And, of course, our membership is about 10% international and I'd like to take that to 30%. I think that would also enrich the membership. But this is certainly not the first time that NICSA has thought about this. The heart of NICSA is really volunteer work. The execution of the idea is being supported by a very fine staff in the office, and that will allow us to do more.
MFMN: You're the first woman president of an organization that has a reputation for being a good-old-boy network where annual conferences largely involve constant networking on the golf course. Do you think the characterization is true and, if so, should it be changed?
Weidlich: I think that is an old perception. But we do have to take it seriously. This group has had active successful women on the board and committees and I have been active in NICSA for 25 years. I was on the board before. That is a perception that is not entirely accurate. And as you know, women play golf, too. I think we can hold our own just fine. I'm not a revolutionary.
MFMN: How will the fund industry have changed five years from now in terms of distribution, products and general strategy?
Weidlich: Technology will play an increasing role in it. It's definitely going to be much more international. Probably not a whole lot more diverse, when you look at the array of investment products.
But I've said that before. This industry is amazing in doing things creatively. What the industry needs to do is focus on education for the shareholders. Help them understand asset allocation and understand how you can manage risk and come out healthy.
The industry has historically done an unbelievable job of educating the public in shifting it from a saver to an investor. Now investors are ready to learn about those other things.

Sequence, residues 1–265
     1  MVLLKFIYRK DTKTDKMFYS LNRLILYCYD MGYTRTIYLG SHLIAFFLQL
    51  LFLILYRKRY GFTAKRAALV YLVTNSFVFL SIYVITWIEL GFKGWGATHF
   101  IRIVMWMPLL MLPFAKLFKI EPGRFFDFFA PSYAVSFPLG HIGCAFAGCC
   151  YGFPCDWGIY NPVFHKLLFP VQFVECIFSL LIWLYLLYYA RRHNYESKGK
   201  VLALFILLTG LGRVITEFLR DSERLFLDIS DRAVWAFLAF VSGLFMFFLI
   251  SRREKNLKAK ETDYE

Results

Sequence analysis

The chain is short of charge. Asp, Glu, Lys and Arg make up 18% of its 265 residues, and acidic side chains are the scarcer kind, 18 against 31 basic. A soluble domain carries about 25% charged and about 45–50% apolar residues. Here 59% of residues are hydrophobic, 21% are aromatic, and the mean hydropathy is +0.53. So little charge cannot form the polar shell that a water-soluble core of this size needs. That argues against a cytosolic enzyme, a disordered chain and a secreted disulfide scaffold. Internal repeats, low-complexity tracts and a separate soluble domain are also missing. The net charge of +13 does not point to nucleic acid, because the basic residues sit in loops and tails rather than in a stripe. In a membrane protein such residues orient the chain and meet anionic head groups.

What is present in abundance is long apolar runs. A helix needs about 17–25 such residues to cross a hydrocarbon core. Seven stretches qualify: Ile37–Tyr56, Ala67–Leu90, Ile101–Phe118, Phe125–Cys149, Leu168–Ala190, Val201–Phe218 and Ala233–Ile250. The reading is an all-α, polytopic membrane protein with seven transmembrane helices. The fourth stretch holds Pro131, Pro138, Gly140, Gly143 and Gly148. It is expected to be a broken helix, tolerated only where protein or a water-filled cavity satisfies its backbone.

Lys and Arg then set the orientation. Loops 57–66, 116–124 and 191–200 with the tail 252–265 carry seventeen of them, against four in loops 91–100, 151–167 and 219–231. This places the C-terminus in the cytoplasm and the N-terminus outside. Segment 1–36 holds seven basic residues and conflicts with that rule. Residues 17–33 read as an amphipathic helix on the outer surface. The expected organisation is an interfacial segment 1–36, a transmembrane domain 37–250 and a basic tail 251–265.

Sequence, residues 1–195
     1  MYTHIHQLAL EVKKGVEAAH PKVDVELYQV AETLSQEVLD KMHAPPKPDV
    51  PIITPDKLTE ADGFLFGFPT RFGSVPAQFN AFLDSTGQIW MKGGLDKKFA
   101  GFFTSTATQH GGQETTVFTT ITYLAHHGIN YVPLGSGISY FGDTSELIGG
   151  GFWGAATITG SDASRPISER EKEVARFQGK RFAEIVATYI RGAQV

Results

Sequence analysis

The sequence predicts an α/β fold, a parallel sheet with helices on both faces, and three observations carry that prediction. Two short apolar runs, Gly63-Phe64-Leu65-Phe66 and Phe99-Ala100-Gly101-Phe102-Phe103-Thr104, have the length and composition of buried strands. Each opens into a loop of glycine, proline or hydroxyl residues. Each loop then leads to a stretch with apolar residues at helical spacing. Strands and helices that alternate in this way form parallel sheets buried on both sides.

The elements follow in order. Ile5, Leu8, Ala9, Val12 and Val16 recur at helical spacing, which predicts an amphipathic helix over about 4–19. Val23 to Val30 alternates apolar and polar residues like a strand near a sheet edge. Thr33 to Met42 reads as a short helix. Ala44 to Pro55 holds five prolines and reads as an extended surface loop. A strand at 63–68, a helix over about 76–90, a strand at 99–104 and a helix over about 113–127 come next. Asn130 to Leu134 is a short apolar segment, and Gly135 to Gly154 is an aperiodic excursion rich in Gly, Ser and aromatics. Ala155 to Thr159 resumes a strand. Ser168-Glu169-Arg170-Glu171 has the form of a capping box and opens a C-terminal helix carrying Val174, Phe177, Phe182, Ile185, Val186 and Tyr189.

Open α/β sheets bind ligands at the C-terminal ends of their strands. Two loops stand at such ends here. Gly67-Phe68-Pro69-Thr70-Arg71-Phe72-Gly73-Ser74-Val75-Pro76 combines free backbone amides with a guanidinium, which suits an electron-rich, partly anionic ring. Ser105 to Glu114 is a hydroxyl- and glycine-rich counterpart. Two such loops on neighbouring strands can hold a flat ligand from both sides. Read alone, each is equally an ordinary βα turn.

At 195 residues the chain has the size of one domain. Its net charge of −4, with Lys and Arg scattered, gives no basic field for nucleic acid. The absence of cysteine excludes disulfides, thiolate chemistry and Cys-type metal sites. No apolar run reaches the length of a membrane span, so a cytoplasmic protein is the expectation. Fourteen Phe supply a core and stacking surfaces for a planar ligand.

MFMN: Everybody is talking about the widespread emphasis on load products in the industry to meet investors' demand for advice. For how long and to what extent do you think that emphasis will continue?
Weidlich: I'd like to think forever. There is always another generation coming along. The more educated the shareholder, presumably the richer they will be. Potentially, that's an opportunity to keep the shareholder as a lifetime investor. The companies that hand-held their clients and hand-held them through the crisis [surrounding the attacks of Sept. 11] got a lot of high marks. This industry has done a tremendous amount of training of the personnel. The challenge is to get properly compensated for it.
MFMN: Analysts have been saying, especially after Sept. 11, that fund complexes need to do a better job of communicating with their clients - in both good times and in a crisis. How do you think the industry did in the wake of Sept. 11?
Weidlich: It can always do better, but the industry did a very good job of telling the shareholder, Don't do anything if you don't have to.' And the shareholders listened. There has not been a rush to the exits.
NICSA at a Glance
History: The organization was founded in 1962. Since, it has served as a forum for mutual fund executives looking to improve strategies, including customer service.
Membership: NICSA counts 400 member companies located primarily in the U.S. and in Europe. Firms include, among others, fund companies, custodian banks, transfer agents and investment management firms.
Staff: Scores of volunteers drive NICSA's efforts, but the operations are organized by eight staff members, including president Barbara Weidlich, director of education Kathleen O'Halloran and marketing and communications manager Ellen Weinraub. Other staff positions are responsible for planning and organizing conferences as well as servicing the organization's membership.
Key Conferences: East Coast Regional Meetings in New York, Jan. 24 and March 14; Operations Conference, Feb. 17-20 Miami; Technology Forum 2002, April 17-18, Boston; Can Japan Compete? April 30; Dublin Mutual Fund Conference, June 18-20, Dublin.
Key Products: The NICSA Online Learning Center provides a macro view of the fund industry via Web-based courses. One of the courses is based on a book called A Purely American Invention: The U.S. Open-End Mutual Fund Industry by PriceWaterhouseCoopers partner Lee Gremillion. The text was published by NICSA last year.
Key Partnerships: L'Association Luxembourgeoise des Fonds d'Investissement (ALFI), Dublin Funds Industry Association (DFIA), Kenzai Institute, The Insurance Library Association (ILA), The New England College of Finance (NECF)
Contact: 36 Washington Street, Suite 70
Wellesley Hills, MA 02481.